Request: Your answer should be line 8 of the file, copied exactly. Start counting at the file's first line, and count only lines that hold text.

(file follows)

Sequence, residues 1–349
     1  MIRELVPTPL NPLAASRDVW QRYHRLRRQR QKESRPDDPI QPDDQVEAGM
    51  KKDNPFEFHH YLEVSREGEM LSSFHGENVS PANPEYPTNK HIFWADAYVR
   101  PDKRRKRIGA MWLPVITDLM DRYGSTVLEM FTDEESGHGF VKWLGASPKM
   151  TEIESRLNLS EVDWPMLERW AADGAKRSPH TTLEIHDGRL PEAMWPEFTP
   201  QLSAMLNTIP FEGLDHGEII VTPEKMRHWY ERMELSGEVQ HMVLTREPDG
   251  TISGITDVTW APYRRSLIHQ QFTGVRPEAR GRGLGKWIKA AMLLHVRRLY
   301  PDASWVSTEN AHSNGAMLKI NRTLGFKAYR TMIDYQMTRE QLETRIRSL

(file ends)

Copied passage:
   301  PDASWVSTEN AHSNGAMLKI NRTLGFKAYR TMIDYQMTRE QLETRIRSL